Telopea truncata

Telopea truncata
Telopea truncata 2.jpg
Scientific classification
T. truncata
Binomial name
Telopea truncata
Telopea truncata distribution map.svg
Distribution of Tasmanian waratah
  • Embothrium truncatum Labill.
  • Hylogyne australis Salisb. ex Knight nom. illeg.
  • Hylogyne truncata (Labill.) Kuntze
  • Telopea tasmaniana James Ross

Telopea truncata, commonly known as the Tasmanian waratah, is a plant in the family Proteaceae. It is endemic to Tasmania where it is found on moist acidic soils at altitudes of 600 to 1200 m (2000–4000 ft). Telopea truncata is a component of alpine eucalypt forest, rainforest and scrub communities. It grows as a multistemmed shrub to a height of 3 metres (10 ft), or occasionally as a small tree to 10 m (35 ft) high, with red flower heads, known as inflorescences, appearing over the Tasmanian summer (November to February) and bearing 10 to 35 individual flowers. Yellow-flowered forms are occasionally seen, but do not form a population distinct from the rest of the species.

Collected by French botanist Jacques Labillardière in 1792–93, Telopea truncata was first scientifically described in 1805. Genetic analysis revealed that the Tasmanian waratah is the most distinctive of the five waratah species. It can be cultivated in temperate climates, requiring soils with good drainage and ample moisture in part-shaded or sunny positions. Several commercially available cultivars that are hybrids of T. truncata with the New South Wales waratah (T. speciosissima) and Gippsland waratah (T. oreades) have been developed.


Yellow-flowered form in cultivation, Hobart

The Tasmanian waratah is a large erect shrub up to 3 metres (10 ft) in height with several stems, although it sometimes grows as a single-stemmed tree to 10 m (35 ft) high. Unlike the New South Wales waratah (T. speciosissima), which has a few stems topped with flowers, the stems of the Tasmanian waratah branch freely, with numerous smaller branches topped with flower heads.[3] Younger branches and flower heads frequently have a coating of brownish hairs.[4] The narrow adult leaves are 3–14 cm (1 185 12 in) long and 0.5–2.2 cm (1478 in) across and have a rough texture. Spathulate (spoon-shaped) to obovate in shape, they have smooth, slightly down-curved margins.[2] The undersurface of the leaves is hairy. Occasional lobed leaves are seen.[5]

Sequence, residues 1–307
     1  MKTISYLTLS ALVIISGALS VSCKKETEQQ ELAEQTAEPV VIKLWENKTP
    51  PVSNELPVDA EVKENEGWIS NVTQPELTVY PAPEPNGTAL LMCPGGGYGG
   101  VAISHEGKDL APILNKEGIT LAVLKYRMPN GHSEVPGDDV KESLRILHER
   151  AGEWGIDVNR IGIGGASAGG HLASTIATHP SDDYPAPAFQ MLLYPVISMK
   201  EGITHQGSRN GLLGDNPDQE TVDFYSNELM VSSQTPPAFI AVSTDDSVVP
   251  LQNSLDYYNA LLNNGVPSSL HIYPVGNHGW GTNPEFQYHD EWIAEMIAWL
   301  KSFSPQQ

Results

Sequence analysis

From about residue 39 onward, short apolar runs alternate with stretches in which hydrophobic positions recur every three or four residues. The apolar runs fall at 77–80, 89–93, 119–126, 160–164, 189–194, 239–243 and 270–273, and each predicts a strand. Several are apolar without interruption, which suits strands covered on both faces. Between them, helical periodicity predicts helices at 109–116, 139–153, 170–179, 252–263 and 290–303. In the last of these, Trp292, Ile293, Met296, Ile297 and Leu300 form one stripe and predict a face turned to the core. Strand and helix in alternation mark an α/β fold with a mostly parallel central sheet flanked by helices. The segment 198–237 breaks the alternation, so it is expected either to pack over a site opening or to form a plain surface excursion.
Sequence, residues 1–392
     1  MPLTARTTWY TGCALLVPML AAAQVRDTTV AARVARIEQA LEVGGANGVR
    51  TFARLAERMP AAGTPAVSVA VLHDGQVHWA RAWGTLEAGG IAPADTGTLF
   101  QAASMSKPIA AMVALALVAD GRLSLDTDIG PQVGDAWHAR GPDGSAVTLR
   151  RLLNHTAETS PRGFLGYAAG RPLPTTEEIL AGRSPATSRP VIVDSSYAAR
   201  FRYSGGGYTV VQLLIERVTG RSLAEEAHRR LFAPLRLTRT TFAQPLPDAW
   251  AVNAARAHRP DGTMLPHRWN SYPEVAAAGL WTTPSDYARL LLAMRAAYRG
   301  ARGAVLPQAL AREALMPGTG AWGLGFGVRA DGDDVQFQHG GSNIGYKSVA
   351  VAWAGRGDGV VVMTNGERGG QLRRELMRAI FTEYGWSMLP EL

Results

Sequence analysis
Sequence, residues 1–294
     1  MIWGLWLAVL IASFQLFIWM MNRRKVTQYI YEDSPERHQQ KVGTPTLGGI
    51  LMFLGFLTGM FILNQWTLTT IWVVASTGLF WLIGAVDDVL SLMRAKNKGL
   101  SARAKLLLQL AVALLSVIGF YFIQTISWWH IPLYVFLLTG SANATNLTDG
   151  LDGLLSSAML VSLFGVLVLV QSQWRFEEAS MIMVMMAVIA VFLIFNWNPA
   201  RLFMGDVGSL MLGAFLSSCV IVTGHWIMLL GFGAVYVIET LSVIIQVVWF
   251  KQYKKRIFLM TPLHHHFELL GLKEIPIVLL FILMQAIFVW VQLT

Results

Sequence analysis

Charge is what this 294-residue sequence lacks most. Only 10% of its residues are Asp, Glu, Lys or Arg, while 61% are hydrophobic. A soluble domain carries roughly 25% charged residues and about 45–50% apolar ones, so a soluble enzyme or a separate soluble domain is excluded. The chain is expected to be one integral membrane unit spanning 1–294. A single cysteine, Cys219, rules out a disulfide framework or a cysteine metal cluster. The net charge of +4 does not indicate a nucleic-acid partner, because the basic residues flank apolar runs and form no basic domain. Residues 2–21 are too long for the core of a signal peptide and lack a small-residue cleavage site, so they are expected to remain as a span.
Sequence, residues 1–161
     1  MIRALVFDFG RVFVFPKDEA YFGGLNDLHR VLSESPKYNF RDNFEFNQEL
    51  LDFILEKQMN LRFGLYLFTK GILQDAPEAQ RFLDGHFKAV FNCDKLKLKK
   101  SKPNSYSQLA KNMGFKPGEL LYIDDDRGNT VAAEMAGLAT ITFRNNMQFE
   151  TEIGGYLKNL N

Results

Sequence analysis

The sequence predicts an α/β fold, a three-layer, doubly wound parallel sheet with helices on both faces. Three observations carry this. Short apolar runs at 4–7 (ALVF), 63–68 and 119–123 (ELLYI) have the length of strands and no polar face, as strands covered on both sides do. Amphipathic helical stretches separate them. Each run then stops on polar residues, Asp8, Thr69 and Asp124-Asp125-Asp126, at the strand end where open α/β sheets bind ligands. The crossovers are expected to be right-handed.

Flowering occurs from October to January, and is related to altitude: plants at lower elevations flower earlier than ones higher up. The flower heads, known as inflorescences, are terminal—that is, they arise on the ends of small branches—and are surrounded by small inconspicuous hairy bracts. This sets T. truncata apart from all other waratah species, which have hairless bracts.[3] In the shape of a flattened raceme,[5] the flower heads are 3.5–6 cm (1 382 38 in) in diameter and composed of 10 to 35 individual flowers. They are most commonly bright red, though scattered yellow-flowered plants occur. These were described as forma lutea but are mere colour variations and not genetically distinct. Yellow-flowered plants have both red- and yellow-flowered progeny.[2] Anthesis is basipetal; that is, the flowers at the base (edges) of the flower head open first.[3] The flower is composed of a 2 cm-long perianth on a 1 cm-long stalk, with a pronounced kink in the style above the ovary;[5] all other waratah species have gently incurving styles.[3] Anatomically, the individual flower bears a sessile anther (that is, it lacks a filament), which lies next to the stigma at the end of the style. The ovary lies at the base of the style and atop a stalk known as the gynophore, and it is from here that the seed pod then develops. Meanwhile, a crescent-shaped nectary lies at the base of the gynophore.[6]

After flowering, the curved leathery to woody follicles develop. Hanging downwards on wooden stalks, these are roughly oblong in shape,[4] and measure around 5 cm (2 in) long.[5] They split longitudinally to release the winged seeds, which are ripe around March.[4] There are around 16 seeds,[5] which are arranged in two rows. Wooden structures known as lamellae separate the seeds from each other and the follicle walls.[4]

Taxonomy and evolution